What You Should Think of Economic and Market News

Anyone following financial news in the first eight months of 2022 hasn’t had much to be happy about.

Following two years of pandemic shocks to the economy and efforts to counter its effects by governments and businesses, Russia’s war in Ukraine ended hopes for a quick return to calmer times. Inflation and gas prices spiked, stocks and bonds took a plunge. The rapid rise in prices has hurt but stopped rising mid-Summer. Unemployment levels are low. Policymakers are taking steps to prevent runaway inflation. If you took Economics in college, you may feel like you’re living through textbook examples.

These economic factors can generate anxiety. We all hear a lot of financial terms to refer to the current – and any – economic conditions. Consider terms like “recession” or “bear market. These can feed into people’s worries. Some perhaps justified…some perhaps unnecessarily.

It can help to clarify what some of this terminology actually means and lend it some context regarding the long-term significance of temporary downturns to your portfolio.

Normal?

First off, market downturns, like the one we are experiencing in 2022, are not rare events.

Since 1980, there have been What You Should Think of Economic and Market News

9 bear markets – with declines of 20% or more for at least two months

and

6 recessions – which mean that the broad economic conditions declined for more than two successive quarters.

Note that a recession and a bear market are not the same, though they can be linked.  Whether we are actually in one or both of these at any given time, isn’t necessarily the point.  They are both ways to officially define market and economic conditions.  I wouldn’t get too hung up on whether where we are today fits the definition or not.

Ride it Out

Warren Buffet has said that “the most important quality for an investor is temperament, not intellect”. Riding out periods of uncertainty and remaining disciplined is a good approach for years like 2022.

Take a look at this chart of how a hypothetical portfolio made up of 50% stocks and 50% bonds fared since 2007 — through the very deep, but very short market drop in 2020 and the 2008 global financial crisis – the country’s most significant financial shock since the Great Depression.

Starting with $1,000, a patient investor who stayed the course would have nearly tripled their money 14 years later.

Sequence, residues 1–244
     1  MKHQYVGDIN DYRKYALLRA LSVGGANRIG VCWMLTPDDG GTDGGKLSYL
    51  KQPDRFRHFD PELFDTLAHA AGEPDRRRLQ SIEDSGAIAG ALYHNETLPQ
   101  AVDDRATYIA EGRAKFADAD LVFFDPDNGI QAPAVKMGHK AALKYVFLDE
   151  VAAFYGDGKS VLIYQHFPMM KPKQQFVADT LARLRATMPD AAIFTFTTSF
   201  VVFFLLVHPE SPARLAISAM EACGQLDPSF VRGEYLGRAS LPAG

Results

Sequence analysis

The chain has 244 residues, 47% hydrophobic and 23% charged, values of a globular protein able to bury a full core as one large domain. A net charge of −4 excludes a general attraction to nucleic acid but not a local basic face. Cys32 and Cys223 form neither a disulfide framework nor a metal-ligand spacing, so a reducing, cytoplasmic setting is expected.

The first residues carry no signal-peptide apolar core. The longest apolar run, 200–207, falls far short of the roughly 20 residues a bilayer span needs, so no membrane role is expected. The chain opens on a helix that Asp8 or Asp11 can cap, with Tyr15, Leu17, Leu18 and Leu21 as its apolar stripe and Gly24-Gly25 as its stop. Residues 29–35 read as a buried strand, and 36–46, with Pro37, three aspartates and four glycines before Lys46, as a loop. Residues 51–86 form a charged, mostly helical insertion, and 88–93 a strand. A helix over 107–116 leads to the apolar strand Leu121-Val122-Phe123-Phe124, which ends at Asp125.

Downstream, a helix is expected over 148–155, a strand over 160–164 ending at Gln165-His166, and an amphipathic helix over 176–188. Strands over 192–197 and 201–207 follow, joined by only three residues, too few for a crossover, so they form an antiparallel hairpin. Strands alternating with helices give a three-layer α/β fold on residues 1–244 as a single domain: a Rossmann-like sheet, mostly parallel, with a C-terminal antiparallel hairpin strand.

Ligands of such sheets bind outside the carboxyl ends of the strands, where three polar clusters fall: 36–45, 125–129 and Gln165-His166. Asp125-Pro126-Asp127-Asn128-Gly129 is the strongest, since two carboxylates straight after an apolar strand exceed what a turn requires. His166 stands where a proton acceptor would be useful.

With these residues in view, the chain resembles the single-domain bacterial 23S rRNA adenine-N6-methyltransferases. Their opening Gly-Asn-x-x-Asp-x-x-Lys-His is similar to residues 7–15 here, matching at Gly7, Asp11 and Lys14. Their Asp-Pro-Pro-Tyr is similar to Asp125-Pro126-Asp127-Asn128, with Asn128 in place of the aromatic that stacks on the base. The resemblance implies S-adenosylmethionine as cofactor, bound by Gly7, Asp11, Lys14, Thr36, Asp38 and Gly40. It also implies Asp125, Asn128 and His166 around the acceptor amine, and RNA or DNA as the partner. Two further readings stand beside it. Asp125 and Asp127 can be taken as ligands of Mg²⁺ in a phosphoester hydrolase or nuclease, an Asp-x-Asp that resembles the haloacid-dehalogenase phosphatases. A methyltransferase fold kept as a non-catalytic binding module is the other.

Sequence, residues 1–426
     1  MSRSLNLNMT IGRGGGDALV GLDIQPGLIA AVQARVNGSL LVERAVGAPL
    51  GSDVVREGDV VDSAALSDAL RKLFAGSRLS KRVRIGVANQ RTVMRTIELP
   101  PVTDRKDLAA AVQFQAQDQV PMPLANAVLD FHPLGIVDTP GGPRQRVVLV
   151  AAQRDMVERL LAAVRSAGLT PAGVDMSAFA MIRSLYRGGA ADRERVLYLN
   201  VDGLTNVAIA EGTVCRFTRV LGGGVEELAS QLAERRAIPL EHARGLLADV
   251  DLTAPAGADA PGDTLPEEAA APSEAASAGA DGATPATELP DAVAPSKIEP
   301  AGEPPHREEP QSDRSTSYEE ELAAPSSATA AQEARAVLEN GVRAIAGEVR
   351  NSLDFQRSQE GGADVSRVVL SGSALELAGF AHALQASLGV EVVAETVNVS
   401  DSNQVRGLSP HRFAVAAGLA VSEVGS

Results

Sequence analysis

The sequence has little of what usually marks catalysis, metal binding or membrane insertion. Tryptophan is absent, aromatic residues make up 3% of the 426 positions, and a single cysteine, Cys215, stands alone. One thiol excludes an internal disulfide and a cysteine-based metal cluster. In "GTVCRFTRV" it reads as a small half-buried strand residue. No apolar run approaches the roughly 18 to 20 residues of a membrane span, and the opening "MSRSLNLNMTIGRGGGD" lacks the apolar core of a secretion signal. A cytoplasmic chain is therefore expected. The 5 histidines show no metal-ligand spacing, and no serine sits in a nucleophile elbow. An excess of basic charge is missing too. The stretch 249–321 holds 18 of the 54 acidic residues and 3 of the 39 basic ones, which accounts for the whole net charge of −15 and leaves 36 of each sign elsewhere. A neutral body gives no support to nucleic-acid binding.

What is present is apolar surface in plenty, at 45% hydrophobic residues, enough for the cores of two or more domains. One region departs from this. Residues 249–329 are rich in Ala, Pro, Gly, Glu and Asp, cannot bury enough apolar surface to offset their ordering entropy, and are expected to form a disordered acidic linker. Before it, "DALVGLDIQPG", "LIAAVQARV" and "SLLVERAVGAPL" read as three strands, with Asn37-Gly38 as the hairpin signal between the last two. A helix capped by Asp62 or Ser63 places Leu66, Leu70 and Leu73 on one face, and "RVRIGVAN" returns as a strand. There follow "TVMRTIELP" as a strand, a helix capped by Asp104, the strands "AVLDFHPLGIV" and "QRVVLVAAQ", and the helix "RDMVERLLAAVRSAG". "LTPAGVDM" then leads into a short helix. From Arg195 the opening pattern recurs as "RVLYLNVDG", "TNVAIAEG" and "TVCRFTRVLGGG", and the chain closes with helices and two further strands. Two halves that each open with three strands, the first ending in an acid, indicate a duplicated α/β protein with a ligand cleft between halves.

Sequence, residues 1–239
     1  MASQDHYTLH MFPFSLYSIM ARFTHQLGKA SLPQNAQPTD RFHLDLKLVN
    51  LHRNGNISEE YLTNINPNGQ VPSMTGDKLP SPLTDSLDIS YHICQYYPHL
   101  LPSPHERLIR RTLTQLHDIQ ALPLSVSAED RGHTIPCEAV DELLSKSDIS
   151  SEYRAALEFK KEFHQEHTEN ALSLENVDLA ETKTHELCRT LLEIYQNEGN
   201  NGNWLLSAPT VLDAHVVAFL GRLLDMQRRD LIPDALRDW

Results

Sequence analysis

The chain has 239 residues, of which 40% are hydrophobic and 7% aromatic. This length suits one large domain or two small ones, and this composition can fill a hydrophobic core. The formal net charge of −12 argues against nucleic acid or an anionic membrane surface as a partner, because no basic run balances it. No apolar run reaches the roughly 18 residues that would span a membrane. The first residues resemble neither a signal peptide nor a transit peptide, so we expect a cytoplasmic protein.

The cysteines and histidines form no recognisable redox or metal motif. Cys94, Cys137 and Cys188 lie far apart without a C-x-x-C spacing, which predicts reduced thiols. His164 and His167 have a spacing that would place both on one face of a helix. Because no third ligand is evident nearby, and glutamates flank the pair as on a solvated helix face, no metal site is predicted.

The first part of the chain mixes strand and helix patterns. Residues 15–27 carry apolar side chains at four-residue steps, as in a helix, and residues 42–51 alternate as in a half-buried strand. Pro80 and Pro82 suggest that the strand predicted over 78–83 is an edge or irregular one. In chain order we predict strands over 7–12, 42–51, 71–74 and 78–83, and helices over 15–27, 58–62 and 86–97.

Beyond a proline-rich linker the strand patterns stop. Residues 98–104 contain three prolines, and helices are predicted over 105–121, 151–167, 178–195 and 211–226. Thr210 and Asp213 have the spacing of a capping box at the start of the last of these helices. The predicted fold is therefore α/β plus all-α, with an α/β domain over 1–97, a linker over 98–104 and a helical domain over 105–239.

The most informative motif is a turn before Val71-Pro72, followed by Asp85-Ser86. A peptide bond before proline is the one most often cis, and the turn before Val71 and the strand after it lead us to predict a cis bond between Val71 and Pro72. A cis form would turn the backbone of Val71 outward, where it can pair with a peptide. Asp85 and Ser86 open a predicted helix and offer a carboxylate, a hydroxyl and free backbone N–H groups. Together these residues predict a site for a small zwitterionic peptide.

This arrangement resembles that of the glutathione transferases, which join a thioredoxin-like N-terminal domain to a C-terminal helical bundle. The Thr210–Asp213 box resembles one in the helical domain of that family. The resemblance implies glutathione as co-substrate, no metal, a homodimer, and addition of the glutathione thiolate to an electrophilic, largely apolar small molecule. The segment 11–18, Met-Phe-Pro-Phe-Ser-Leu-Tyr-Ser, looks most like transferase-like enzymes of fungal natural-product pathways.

Riding out a rough period in cash, bonds, and a mixed portfolio

What You Should Think of Economic and Market News Sources: Vanguard calculations, using data from FactSet. All data as of December 31, 2021.
Notes: This is a hypothetical illustration, does not represent any client of EVOadvisers and is not investment advice. The portfolio is represented by 50% S&P 500 Index and 50% Bloomberg U.S. Aggregate Bond Index; bonds are represented by Bloomberg U.S. Aggregate Bond Index; and cash is represented by 3-month Treasury bills. Past performance is no guarantee of future results. The performance of an index is not an exact representation of any particular investment, as you cannot invest directly in an index. Investments in bonds are subject to credit, interest rate, and inflation risk. There is no guarantee that any particular asset allocation or mix of funds will meet your investment objectives or provide you with a given level of income.

We’ve all grown accustomed to bull markets, so it can be easy to forget that the price we pay for what have historically been solid returns is seeing stock and bond prices go down. History shows that’s practically guaranteed. And sticking to your plan – and maybe not paying too much attention to the constant news feed — is the best way to achieve your goals.

As CFP® Professionals, we at EVOadvisers include these regular events in our clients’ financial plans. We don’t know when they’ll occur, or what they will look like, but our clients can be confident that their financial plans can work through many random paths on the road ahead.